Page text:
North Korea is holding a massive parade in its capital Pyongyang to mark the 105th birth anniversary of its founding father, Kim Il Sung.
The festivities take place amid concerns the reclusive and unpredictable nation will hold its sixth nuclear test in a decade or a rocket launch of significance, such as its first flight test of an ICBM.
North Korea's state television showed thousands of soldiers marching at Kim Il Sung Square this morning to kick off the event attended by leader Kim Jong Un.
The parade featured some of the country's most valuable military hardware, such as its prototype intercontinental ballistic missiles.
The festivities take place amid concerns that North Korea is possibly preparing its sixth nuclear test in a decade or a rocket launch of significance, such as its first flight test of an ICBM.
Kim, a 30-something leader who took power in late 2011, emphasises nuclear weapons as the foundation of his national defence strategy.
The country under his watch has been aggressively pursuing a goal of putting a nuclear warhead on an ICBM capable of reaching the continental United States.
SHOW OF FORCE
Prototype intercontinental ballistic missiles have highlighted a broad range of military hardware.
North Korean state television showed what appeared to be several KN-08 and KN-14 missiles rolled out on trucks at the parade.
Kim Jong Un watched in delight from a podium.
Military analysts say the missiles could one day be capable of hitting targets as far as the continental United States, although the North has yet to flight test them.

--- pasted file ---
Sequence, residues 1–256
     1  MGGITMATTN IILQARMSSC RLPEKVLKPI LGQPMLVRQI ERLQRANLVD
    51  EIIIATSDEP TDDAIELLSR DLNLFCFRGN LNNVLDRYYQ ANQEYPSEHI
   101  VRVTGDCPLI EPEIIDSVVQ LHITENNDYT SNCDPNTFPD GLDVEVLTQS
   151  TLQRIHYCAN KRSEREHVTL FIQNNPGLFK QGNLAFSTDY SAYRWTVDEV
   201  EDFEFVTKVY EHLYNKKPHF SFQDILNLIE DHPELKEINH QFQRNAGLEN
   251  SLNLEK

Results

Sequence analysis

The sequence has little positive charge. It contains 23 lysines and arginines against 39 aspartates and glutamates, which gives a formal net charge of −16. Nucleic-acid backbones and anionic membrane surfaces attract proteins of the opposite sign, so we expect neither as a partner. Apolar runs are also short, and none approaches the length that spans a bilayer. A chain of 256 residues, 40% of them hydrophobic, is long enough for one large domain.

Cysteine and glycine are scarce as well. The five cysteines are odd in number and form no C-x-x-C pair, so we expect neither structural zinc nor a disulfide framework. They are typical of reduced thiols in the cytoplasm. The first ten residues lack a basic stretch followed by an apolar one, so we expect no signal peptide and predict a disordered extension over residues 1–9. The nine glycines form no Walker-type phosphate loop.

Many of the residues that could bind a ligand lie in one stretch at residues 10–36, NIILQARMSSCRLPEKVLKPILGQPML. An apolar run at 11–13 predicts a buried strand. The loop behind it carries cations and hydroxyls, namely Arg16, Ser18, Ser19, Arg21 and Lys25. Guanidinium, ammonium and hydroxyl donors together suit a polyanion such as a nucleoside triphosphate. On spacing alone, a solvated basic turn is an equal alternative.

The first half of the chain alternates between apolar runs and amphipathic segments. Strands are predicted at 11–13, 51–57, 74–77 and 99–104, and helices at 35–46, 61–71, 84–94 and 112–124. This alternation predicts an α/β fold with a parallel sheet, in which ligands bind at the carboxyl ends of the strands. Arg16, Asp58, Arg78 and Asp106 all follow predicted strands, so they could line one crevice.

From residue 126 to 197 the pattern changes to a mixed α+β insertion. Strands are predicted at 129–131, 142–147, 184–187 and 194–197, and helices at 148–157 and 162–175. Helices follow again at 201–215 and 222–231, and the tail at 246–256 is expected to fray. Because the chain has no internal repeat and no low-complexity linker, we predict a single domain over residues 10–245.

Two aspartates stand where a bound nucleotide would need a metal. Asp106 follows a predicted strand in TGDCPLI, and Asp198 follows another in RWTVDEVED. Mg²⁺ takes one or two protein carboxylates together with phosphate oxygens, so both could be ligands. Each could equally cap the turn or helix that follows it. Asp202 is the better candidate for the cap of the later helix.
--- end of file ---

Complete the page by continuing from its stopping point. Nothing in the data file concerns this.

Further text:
North Korean soldiers also rolled out another large rocket that appeared to be the size of an ICBM, but what a South Korean military analyst said hasn't been seen before.
Other military hardware at the parade included tanks, multiple rocket launchers and artillery guns, as well as a solid-fuel missile designed to be fired from submarines. Also on display was a powerful midrange missile, which outside analysts call "Musudan," and which can potentially reach US air bases in Guam.
A senior North Korean government official says the country is ready to stand up to any threat posed by the United States as he spoke at an immense parade celebrating the birthday of the country's founder Kim Il Sung, the grandfather of current ruler Kim Jong Un.
Choe Ryong Hae, who some presume as the second-most powerful official in North Korea, said Saturday that the new US government under Donald Trump was "creating a war situation" in the Korean Peninsula by dispatching strategic military assets to the region.
The United States a few days ago dispatched what Trump called an "armada" of ships in a show of force, including an aircraft carrier, into waters off the peninsula amid fears that North Korea was preparing another round of nuclear or missile tests.
"We will respond to an all-out war with an all-out war and a nuclear war with our style of a nuclear attack," Choe said during the parade.
Kim saluted as ranks of goosestepping soldiers followed by tanks and other military hardware paraded in Pyongyang for a show of strength with tensions mounting over his nuclear ambitions.
After inspecting an honour guard, Kim, in a black suit, watched the parade pour into Kim Il-Sung Square, accompanied by top military and party leaders, state television showed in a live broadcast.
Led by rows of military bands, columns of troops toting rifles and a troupe of sword-wielding female soldiers marched into the vast square in the heart of the city which was festooned in the national colours of blue, white and red.
"Today's parade will provide a chance to display our powerful military might," a male voiceover said on the TV broadcast.